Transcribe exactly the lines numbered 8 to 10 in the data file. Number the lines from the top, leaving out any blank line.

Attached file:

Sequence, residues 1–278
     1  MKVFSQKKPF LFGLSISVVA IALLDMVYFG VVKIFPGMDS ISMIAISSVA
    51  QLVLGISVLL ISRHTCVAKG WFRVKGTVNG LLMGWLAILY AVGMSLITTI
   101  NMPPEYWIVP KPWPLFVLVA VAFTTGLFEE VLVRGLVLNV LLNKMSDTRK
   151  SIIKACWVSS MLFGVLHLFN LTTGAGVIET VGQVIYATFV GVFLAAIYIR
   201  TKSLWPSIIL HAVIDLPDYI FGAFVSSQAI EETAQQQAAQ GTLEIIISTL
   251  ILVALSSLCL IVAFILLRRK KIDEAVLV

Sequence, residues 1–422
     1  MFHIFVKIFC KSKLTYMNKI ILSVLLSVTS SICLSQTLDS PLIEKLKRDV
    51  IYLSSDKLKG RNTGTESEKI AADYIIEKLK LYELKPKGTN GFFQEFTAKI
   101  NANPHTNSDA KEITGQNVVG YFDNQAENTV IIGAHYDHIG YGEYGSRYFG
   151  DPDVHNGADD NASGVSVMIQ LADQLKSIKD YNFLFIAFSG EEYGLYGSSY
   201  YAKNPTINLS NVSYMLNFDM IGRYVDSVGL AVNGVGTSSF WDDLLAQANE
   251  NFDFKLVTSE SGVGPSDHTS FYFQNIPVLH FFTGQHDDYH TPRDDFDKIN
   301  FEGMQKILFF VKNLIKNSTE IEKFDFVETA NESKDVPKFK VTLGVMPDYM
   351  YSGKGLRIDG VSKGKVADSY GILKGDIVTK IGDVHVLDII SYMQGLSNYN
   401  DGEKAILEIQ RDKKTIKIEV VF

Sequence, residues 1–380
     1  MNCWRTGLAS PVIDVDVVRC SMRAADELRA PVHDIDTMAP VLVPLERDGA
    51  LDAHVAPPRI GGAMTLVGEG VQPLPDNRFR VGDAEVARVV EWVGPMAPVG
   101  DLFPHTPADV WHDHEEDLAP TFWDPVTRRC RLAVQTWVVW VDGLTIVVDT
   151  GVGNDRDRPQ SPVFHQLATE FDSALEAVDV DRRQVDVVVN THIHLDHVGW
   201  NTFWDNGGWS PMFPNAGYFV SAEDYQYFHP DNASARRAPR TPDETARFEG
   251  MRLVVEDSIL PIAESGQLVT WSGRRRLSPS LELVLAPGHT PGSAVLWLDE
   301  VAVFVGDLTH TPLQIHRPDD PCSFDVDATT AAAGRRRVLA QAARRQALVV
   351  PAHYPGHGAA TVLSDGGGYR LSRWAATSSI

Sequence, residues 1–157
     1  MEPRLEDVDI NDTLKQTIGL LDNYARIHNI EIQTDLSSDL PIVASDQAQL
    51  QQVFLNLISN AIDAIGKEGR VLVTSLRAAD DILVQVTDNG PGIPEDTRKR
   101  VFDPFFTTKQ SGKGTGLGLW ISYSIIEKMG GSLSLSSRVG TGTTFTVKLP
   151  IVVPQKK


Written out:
Sequence, residues 1–422
     1  MFHIFVKIFC KSKLTYMNKI ILSVLLSVTS SICLSQTLDS PLIEKLKRDV
    51  IYLSSDKLKG RNTGTESEKI AADYIIEKLK LYELKPKGTN GFFQEFTAKI